Politics Rochester Science

Is Rochester setting the right expectations in its crow removal experiment?

“Everybody gets cranky in February,” says Kevin McGowan of Cornell University. By this time of year, those pestered by crows all winter long are getting pretty sick of them. But is Rochester’s City government setting itself up for an unnecessary back lash by next fall, by not making the aim of the harassment project clear?

Rochester has a well-documented population of crows, with populations estimated well into the 20 and 30,000 range as far back as at least 1938. Reports stretching back 100 years and more mention the proliferation of our coal-black companions. Neither is that number at all unusual and meanwhile, crows are getting more and more used to being around humans. It seems clear that the birds are likely to stay for another 100.

But as Mike Wasilco of the Finger Lakes branch of the New York DEC points out, getting rid of Rochester’s crows is not the goal. Rather, the aim is to eliminate a public health concern that stems from the fact that crows are currently roosting in extremely large numbers along the river. Crow waste and debris littering those sites are a potential breeding ground for disease.

“The problem with the crows was the location of the roost and the size of that roost.” he says. “The harassment will likely cause the birds to move their roost to a more acceptable spot and may break the huge roost into several smaller roosts.”

Predicting what the end result will look like is not easy, however. One of the real challenges is that crows have very complex social lives and are adept problem-solvers. Whereas another animal can be expected to behave along some very predictable, instinctive lines, consistency in crows is about as unexpected as it is among humans.

Roosting behavior is analogous to human neighborhoods or even – dare I say it – social networks. Some birds will get together with the roost to sleep at night, others won’t. Some like to forage together, some prefer to do their own thing. And based whatever crow-specific preference, crows in Rochester seem to really dig roosting by the river. Its trendy, you might say.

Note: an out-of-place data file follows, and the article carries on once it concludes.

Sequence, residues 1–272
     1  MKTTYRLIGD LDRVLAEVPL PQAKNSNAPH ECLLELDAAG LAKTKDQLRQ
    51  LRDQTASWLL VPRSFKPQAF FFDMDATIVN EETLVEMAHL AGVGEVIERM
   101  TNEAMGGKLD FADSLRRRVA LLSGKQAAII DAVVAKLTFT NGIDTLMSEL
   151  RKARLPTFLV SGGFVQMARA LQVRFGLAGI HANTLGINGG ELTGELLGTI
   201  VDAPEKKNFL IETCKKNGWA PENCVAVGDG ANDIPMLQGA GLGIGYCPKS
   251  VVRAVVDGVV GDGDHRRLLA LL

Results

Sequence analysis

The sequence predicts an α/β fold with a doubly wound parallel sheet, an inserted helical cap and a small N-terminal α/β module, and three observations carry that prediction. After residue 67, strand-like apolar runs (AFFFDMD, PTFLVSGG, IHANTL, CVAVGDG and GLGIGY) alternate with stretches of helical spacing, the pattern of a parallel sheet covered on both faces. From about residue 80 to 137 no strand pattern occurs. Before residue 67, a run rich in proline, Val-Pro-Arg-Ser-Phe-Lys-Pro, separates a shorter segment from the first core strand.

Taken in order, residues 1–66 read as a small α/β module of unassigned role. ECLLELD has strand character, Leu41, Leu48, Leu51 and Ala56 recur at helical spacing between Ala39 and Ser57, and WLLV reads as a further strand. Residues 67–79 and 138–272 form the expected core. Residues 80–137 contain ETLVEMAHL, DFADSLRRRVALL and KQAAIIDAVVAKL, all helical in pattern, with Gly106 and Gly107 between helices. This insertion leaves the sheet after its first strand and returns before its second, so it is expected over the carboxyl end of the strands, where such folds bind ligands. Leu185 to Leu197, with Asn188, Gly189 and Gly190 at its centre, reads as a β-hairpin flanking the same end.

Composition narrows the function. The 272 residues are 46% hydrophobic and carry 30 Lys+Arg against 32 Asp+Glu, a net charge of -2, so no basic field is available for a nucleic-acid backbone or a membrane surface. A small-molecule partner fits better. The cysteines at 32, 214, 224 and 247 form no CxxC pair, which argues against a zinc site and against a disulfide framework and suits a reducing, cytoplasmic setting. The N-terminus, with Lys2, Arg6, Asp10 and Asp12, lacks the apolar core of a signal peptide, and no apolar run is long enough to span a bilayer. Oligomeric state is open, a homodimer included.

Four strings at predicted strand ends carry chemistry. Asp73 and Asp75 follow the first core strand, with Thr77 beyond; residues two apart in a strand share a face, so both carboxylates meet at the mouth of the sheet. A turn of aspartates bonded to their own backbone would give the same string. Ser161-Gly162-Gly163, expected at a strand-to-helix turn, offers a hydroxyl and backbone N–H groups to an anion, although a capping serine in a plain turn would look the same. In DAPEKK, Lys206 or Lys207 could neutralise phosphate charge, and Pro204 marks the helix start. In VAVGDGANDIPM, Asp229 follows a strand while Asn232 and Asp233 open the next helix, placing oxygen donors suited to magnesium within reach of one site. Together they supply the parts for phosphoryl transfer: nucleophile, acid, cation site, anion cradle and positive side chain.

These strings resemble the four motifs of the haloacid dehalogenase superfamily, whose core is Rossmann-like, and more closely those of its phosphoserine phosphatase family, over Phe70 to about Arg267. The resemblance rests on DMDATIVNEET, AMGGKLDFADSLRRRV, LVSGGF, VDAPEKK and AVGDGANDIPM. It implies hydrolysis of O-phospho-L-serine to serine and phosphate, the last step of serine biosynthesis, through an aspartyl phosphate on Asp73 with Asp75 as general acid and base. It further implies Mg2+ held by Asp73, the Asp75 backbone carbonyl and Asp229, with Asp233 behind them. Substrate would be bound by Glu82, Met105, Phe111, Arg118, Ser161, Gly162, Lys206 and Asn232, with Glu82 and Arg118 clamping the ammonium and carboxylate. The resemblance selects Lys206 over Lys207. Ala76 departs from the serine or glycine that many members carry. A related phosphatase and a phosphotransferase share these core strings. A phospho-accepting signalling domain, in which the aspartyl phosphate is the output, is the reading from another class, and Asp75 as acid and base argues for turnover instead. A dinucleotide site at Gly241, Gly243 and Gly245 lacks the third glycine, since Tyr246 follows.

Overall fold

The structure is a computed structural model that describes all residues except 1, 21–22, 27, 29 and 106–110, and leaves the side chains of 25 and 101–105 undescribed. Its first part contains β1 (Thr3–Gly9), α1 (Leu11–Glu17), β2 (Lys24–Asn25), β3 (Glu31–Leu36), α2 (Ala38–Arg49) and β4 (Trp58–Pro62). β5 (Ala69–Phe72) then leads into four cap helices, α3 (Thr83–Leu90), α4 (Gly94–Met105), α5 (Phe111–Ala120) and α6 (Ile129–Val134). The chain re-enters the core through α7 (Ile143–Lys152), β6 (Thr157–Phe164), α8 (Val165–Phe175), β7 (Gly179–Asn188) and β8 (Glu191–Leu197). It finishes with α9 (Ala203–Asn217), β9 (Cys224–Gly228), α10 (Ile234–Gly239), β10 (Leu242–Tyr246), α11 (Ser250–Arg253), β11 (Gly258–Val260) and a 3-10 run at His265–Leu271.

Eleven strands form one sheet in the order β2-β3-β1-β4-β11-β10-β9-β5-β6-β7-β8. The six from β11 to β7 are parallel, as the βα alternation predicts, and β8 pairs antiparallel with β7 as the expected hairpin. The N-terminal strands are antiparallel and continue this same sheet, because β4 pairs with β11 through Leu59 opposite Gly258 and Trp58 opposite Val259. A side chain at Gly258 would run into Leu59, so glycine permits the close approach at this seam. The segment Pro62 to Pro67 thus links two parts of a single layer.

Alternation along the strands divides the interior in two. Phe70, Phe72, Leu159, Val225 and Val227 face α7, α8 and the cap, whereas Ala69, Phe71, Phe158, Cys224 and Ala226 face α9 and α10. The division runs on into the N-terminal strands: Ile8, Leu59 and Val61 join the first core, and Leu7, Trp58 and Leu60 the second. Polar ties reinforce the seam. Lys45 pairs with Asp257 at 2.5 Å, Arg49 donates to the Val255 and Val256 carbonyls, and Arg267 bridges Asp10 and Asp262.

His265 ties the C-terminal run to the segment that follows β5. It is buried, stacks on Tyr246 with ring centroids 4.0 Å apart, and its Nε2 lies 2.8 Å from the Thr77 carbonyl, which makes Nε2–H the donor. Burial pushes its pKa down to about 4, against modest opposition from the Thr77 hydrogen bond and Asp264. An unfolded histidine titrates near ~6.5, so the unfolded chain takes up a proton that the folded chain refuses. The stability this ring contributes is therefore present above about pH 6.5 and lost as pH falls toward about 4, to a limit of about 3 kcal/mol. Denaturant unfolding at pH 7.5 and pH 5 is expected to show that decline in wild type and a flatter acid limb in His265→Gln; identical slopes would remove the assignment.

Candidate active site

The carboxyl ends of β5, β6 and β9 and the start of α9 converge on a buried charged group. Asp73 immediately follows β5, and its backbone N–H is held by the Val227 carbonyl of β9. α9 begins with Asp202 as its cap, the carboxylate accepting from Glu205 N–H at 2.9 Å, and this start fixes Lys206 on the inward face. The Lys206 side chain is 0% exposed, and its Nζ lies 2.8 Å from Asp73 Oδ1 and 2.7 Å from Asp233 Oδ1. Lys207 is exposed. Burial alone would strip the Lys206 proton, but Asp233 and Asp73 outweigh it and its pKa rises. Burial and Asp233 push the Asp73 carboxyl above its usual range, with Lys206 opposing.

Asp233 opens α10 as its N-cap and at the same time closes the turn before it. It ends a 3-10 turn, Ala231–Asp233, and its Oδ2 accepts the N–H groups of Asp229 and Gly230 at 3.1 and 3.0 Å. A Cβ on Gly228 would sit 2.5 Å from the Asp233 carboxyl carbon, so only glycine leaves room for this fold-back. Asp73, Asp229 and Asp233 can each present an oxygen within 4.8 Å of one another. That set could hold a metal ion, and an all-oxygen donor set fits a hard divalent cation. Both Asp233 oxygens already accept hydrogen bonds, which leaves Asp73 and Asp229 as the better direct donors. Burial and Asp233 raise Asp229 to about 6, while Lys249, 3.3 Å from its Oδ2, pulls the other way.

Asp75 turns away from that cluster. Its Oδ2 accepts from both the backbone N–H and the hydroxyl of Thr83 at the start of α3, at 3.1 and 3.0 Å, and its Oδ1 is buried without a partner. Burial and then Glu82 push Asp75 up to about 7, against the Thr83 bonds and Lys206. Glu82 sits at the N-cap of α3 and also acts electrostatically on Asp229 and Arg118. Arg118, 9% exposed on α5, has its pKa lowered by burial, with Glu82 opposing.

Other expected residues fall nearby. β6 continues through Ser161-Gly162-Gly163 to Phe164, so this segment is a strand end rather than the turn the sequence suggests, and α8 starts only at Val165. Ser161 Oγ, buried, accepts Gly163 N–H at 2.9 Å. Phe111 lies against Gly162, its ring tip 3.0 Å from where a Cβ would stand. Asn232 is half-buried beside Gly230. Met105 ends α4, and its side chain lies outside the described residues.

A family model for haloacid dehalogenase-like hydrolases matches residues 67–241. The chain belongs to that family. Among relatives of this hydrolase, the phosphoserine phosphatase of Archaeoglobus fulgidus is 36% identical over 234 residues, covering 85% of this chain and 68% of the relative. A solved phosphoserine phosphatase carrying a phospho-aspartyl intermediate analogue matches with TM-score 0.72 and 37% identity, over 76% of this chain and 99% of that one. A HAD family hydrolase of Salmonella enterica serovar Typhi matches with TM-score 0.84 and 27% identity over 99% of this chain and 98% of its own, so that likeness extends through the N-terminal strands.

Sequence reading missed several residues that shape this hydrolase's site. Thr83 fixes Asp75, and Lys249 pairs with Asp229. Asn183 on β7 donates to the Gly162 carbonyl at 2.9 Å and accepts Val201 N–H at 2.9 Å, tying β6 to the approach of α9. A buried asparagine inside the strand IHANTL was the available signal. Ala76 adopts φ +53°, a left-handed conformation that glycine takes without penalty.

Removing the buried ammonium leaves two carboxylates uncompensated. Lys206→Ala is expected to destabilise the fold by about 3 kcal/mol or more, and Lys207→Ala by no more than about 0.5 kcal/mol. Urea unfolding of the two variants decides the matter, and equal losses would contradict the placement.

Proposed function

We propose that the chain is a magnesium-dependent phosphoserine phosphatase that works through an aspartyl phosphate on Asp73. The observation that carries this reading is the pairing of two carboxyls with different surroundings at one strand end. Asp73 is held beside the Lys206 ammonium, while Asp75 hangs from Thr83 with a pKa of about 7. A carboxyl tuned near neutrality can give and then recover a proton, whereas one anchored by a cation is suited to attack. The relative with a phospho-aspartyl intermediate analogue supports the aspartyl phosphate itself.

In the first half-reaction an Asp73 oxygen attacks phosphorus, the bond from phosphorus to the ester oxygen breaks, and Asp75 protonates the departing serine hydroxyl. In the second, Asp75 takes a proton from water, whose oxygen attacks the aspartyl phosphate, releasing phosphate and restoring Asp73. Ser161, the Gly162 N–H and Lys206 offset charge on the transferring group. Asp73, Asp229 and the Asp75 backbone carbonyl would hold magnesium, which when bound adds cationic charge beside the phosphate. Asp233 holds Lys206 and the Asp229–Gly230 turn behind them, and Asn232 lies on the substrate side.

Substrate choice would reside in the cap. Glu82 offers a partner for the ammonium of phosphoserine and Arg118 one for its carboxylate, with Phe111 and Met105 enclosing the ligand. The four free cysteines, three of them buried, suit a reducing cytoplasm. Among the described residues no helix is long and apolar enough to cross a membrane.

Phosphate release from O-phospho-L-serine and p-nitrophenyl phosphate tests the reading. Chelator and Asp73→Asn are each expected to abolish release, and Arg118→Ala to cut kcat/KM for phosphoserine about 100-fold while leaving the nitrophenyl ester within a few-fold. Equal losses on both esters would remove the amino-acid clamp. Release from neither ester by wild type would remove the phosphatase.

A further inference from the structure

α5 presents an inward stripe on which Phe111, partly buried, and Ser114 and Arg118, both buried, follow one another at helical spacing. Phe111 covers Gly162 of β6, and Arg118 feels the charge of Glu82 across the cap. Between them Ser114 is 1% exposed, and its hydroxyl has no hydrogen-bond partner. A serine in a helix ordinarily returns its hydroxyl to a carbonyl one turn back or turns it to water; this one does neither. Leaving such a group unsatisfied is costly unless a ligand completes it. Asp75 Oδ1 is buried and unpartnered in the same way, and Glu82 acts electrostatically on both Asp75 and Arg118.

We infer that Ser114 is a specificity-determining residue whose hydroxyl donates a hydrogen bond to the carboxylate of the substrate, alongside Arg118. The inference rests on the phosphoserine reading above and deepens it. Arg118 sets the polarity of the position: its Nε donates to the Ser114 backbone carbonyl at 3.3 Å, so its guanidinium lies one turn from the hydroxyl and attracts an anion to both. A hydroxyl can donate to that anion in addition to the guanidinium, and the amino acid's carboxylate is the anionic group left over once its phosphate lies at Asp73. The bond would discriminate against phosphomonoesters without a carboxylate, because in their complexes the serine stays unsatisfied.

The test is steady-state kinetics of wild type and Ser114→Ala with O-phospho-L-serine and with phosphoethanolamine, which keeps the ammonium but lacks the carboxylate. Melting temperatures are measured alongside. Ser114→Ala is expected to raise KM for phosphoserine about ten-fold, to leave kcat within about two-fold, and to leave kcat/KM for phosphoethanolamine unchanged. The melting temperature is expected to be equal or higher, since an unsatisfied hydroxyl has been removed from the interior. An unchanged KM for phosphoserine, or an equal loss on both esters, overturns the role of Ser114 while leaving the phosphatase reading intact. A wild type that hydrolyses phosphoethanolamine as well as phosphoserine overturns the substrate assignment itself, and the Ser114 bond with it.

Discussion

This sets up a rather familiar theme for Downtown Rochester, as Mr. McGowan says, “Crows are a bit like teenagers. You can discourage them for a bit, but you can’t really stop them.” They’re going to do what they want to do, so we should all be glad they’re not roosting by the Liberty Pole.

Regardless, if the crows want to roost by the river, they’re going to roost by the river. This isn’t a problem that can be solved in a single season; handling crow population is management issue that will be with us a while. Says McGowan, its “like shoveling snow.”

Mr. Wasilco agrees, “Very often, there is a need to repeat the harassment program in following years if the crows begin roosting in unacceptable areas again.” But, he adds, “its much easier to discourage birds from a new site than from a well-established site.”

And therein lies the political problem: because Rochester started its program fairly late in the season, the crows have already established themselves in their preferred location. But, since they started late and crows typically do not roost together as much in spring and summer months, the short-term effect might make it look like the program has been effective.

With or without the harassment program, Rochester’s crows would likely be dispersed by March. With or without the harassment program, the roosts will return in the fall. And along with them, another $21,000 bill for harassment and the attendant howls of “wasteful spending.”